WMO chief warns of rising extreme weather events, natural disasters


Extreme weather events and natural disasters will continue to increase, the head of the World Meteorological Organisation (WMO) warned on Monday, saying that climate change was the root cause for the torrential rainstorms and deadly floods ravaging across Western Europe this summer.

Speaking to Xinhua, Petteri Taalas, secretary-general of the Geneva-based WMO, said: “We have always had extreme weather events, but because of climate change, we have started seeing them more often and they are more intense.”

“Without climate change we wouldn’t have observed such high temperatures in western parts of Canada and the U.S., so that’s a clear indication of climate change,” he said.

At the same time, devastating flash floods due to heavy rainfalls have swept through several western European countries in the past few days, killing more than one hundred and causing huge damages.

In the report “Summer of extremes: floods, heat and fire,” the WMO said on Friday that some parts of Western Europe received up to 2 months worth of rainfall in two days (14-15 July) on soils that were already near saturation.

“The top one meter of soil was completely saturated or well above field capacity after the intense rain in the most affected regions of Belgium, the Netherlands, Luxembourg and Germany,” it said.

Asked about whether he expected more natural disasters over the next couple of years, Taalas said: “Climate change will anyhow continue for the coming decades. If we are successful with climate mitigation, we could stop this negative trend in the 2060s.”

“Until then we will see a growing amount of natural disasters and a growing amount of this kind of weather extremes and also more human losses and more economic losses than before,” he warned.

“That means that we have to also adapt to climate change, the most important thing is to mitigate climate change, to stop using fossil fuels and also pay attention to our diet.”

Countries around the world have pledged to reach a global peak of greenhouse gas emissions as soon as possible and to achieve a climate neutral world by mid-century.

The Paris Agreement, which was adopted by 196 parties in Paris in 2015, sets a target of holding the global average rise in temperature below 2 degrees Celsius above pre-industrial levels, and preferably below 1.5 degrees Celsius.

Taalas also stressed that no region in the world was safe from the negative impacts from extreme weather events and natural disasters.

“One could say that it’s a global thing. Last year, we had severe drought in the same areas where we now have these problems in North America, and also in South America in the Amazon region with also record-breaking drought.”

He also warned of the record amount of hurricanes in the Caribbean last year, super typhoons in Asia, and cyclones hitting Pacific Islands and southern parts of Africa.

Last week, the European Commission unveiled a comprehensive roadmap for realizing the European Union’s (EU) ambitious target of reducing its net greenhouse gas emissions by at least 55 percent from 1990 levels by 2030 and to become climate-neutral by 2050.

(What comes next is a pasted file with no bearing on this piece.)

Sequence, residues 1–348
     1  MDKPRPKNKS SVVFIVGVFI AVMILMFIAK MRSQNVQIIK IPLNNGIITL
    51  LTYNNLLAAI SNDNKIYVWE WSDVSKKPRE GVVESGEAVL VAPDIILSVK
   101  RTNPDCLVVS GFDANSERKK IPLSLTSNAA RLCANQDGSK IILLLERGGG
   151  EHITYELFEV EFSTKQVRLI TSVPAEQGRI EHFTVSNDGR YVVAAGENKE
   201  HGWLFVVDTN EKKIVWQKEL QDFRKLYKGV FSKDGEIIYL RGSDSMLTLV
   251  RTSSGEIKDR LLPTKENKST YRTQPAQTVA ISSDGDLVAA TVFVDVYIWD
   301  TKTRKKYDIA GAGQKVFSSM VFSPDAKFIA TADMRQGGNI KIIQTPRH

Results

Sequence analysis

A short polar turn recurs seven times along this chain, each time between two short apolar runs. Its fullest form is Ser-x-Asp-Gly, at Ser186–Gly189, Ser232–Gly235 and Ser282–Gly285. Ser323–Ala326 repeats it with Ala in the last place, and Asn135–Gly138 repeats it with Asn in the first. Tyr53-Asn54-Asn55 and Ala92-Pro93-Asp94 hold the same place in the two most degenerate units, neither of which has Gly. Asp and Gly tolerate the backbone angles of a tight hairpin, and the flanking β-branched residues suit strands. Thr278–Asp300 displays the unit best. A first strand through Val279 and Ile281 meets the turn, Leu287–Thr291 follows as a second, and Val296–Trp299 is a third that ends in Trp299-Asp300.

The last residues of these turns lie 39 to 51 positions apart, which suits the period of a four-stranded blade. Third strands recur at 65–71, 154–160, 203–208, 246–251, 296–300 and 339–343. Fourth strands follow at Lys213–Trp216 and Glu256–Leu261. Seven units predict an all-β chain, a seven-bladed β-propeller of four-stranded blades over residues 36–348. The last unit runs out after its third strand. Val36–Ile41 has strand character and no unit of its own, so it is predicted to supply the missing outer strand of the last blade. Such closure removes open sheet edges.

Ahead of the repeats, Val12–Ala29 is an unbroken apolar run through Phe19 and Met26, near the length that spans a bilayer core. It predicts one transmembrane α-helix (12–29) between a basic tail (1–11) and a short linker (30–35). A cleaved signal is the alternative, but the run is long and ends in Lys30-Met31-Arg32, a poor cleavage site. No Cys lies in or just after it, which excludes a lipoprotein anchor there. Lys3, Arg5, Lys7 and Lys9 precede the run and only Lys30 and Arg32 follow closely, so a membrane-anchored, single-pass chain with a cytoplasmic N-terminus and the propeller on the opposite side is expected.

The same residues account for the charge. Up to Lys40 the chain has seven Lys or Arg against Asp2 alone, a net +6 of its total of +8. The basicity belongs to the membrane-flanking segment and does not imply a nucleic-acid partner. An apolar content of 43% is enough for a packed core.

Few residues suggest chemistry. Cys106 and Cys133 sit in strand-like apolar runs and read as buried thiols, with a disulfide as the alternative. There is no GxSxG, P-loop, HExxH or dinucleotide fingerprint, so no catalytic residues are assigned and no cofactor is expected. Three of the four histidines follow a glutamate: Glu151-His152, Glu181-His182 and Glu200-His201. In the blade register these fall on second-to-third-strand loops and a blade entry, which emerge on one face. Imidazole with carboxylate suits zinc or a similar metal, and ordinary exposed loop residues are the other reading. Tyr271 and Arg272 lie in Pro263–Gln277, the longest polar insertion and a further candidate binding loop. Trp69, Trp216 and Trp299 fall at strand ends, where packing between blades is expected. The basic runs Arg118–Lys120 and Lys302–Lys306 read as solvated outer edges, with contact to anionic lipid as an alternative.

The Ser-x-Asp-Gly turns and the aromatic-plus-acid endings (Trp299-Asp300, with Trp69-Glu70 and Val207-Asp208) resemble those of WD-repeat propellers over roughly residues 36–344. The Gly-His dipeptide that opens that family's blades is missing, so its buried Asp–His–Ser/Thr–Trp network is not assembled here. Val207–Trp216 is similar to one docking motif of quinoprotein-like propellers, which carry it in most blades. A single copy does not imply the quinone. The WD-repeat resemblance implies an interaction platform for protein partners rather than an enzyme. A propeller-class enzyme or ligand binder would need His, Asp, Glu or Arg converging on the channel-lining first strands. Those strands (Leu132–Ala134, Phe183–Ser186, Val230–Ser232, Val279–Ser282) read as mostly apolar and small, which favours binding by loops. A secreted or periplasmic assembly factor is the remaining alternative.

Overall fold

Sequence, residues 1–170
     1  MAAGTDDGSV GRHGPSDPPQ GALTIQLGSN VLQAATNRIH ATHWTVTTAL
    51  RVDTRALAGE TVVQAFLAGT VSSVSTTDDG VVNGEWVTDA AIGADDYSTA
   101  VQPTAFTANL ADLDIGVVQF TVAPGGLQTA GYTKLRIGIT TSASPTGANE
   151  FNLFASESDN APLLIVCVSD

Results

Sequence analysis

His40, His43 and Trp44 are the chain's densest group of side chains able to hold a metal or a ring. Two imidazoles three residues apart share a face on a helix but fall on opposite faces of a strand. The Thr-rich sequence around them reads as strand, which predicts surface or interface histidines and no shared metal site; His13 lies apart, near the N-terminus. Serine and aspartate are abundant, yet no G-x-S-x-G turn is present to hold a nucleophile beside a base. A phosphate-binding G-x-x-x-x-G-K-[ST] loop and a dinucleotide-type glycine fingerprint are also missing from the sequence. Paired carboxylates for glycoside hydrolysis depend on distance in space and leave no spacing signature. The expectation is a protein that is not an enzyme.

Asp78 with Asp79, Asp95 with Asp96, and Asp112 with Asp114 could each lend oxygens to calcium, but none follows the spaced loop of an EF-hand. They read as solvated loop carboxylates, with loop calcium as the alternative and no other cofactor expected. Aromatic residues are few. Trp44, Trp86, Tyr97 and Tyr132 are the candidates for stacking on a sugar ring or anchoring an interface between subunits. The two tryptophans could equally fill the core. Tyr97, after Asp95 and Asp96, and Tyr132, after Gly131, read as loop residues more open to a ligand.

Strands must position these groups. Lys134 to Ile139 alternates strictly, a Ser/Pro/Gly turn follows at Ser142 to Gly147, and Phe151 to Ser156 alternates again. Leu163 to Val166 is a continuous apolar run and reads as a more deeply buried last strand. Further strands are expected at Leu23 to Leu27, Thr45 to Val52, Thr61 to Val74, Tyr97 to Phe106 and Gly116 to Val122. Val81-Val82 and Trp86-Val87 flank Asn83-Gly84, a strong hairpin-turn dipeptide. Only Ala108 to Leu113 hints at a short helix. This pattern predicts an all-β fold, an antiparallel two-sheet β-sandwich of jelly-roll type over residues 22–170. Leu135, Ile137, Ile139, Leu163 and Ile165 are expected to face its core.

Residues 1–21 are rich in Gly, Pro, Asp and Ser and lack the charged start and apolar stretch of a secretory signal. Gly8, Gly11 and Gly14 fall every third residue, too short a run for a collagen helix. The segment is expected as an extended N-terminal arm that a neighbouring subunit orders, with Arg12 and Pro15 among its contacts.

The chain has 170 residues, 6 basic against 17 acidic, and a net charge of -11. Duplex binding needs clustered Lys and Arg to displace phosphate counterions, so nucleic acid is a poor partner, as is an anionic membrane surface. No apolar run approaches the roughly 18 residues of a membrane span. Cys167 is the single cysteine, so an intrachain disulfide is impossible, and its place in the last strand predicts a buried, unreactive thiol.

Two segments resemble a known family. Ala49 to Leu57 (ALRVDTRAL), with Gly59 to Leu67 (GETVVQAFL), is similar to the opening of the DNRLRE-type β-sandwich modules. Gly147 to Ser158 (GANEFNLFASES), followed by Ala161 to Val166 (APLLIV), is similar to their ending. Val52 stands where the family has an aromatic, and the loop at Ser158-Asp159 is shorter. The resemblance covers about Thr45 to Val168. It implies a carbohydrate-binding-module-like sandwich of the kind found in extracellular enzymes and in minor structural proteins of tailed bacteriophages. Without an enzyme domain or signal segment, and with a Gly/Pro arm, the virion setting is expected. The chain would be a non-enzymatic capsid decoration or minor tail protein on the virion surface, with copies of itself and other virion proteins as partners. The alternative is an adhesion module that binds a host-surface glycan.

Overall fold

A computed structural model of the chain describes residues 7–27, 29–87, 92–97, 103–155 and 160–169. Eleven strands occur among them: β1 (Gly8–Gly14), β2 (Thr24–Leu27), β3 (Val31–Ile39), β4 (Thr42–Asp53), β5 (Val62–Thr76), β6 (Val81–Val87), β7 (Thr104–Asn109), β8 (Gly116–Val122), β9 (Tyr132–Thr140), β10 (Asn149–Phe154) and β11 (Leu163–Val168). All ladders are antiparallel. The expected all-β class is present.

“What the European Union has announced recently is very positive. We have heard plenty of positive news from many countries,” Taalas said.

“The current U.S. administration is interested in being more ambitious in climate mitigation and also the government of China indicated a year ago that they would like to become carbon neutral by 2060.”

To mitigate the impact of climate change, China last year announced that it would strive to bring carbon dioxide emissions to a peak before 2030 and become carbon neutral before 2060.

“The key is that we have to start acting now, we cannot wait for the coming decades,” Taalas urged.

“We have to reduce the amount of fossil fuels, especially we have to get rid of coal-fired energy production, we have to convert our transport system to become more based on electric vehicles and biofuels. In housing we should cool our houses by using geothermal heat pumps, and in our diet we should reduce the amount of especially red meat.”

Taalas stressed that no more time could be wasted to tackle global warming: “The good news is that we have a lot of technological means to be successful with the mitigation. We just have to start acting. These plans are excellent and we have lots of countries which are now behind these carbon neutrality targets, but the concrete action needs to happen already during this decade.”

The WMO, a specialised agency of the United Nations, has a membership of 193 member states and territories and was established in 1950.

“We are providing the scientific facts for the decision makers on what’s happening with the climate today and what is supposed to happen in the future,” Taalas said.

He acknowledged that the early warning systems needed to be improved in a bid to better forecast weather events especially in less developed countries, emphasising the importance of capacity development.

“We have major observation gaps in Africa, the Caribbean and Pacific Islands and parts of Latin America. That means that we have to build more stations there to be able to provide good early warning services,” Taalas said.

“You have to be able to forecast these events much better and that’s a gap again in less developed countries,” he said.